Saturday, August 4, 2012

August Dye

I have a dented pot I bought intentionally for dying in. It was discounted because of the damage, which damage also makes it easy to spot that this is not one of my cooking pots, and my "spoon" is an old stick so I don't worry about the toxicity levels of my dye ingredients. Natural dyes can be just as toxic as chemical dyes.  So even though I tend to go for natural dyes I still don't want my experiments mixing with my food. 
The vinegar and sumac are both acidic enough to act as the only mordant necessary.  Or so I thought.  I was attempting to dye cotton this time too, but cotton clearly needs more mordanting.  Coming out of they dye pot the cotton lost more than half its color in the first rinse, although the resulting pastel is not unpleasant. 
 The wool on the other hand held its deeper richer color beautifully.  Isn't it pretty?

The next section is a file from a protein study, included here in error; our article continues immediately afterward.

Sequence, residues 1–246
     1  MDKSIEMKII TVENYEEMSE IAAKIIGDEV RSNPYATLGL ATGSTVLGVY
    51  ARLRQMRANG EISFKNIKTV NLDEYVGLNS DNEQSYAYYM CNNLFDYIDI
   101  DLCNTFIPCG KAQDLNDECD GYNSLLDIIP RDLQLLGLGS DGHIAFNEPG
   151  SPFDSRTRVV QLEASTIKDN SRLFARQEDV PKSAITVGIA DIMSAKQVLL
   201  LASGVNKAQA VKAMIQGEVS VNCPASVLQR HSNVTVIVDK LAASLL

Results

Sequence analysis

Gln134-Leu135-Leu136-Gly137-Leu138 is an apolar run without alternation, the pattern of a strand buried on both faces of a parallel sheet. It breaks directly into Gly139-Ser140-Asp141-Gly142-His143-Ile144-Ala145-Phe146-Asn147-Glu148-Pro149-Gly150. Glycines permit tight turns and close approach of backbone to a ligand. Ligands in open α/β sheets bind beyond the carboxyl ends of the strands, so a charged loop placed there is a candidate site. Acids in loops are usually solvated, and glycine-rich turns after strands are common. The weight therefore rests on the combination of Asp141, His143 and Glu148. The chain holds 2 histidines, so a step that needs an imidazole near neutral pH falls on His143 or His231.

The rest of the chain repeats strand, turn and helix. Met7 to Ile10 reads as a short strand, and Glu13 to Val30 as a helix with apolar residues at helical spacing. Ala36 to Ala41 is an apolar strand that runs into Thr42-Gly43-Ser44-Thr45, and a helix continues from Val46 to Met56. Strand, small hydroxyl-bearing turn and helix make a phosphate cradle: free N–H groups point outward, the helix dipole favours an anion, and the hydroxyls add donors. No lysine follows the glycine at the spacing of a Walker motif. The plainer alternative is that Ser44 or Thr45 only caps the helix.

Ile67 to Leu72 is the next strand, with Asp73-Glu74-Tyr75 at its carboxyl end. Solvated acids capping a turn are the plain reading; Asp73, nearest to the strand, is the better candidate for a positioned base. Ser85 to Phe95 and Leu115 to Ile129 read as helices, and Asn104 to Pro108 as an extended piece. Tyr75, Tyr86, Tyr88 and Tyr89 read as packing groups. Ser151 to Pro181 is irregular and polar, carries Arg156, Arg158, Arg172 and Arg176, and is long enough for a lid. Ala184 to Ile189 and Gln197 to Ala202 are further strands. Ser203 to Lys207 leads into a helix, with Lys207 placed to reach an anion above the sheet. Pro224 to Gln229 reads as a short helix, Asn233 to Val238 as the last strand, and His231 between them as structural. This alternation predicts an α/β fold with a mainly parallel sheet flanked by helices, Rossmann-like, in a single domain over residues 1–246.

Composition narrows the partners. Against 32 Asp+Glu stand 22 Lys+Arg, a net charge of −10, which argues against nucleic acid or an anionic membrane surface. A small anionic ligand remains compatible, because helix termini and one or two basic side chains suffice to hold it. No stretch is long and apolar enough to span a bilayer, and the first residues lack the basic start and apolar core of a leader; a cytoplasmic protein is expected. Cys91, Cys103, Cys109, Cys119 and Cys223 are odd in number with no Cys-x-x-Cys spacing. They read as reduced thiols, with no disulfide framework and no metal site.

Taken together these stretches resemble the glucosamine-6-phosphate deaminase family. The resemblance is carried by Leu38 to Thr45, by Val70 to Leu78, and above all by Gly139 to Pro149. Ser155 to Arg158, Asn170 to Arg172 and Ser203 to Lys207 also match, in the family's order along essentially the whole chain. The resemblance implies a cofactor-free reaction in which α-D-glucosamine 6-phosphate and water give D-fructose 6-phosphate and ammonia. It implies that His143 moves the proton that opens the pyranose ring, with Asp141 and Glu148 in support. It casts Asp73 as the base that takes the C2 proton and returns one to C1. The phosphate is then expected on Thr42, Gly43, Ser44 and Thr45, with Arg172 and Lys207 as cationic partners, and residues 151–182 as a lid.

As you can see there is quite a lot of variation in the resulting wool yarn, lighter bits where the knots of the skein kept the dye from penetrating, darker bits where it oxidized or brushed up against the pot and a few purpler streaks where I didn't get all the plant matter out of the pot before putting the yarn in and it must have been next to a poke berry.  I love the way the color plays and changes with this batch and as you can see it's already being knit up into something.  What kind of something uses such a small batch of hand-dyed yarn to best show it off?  Stay tuned. :)

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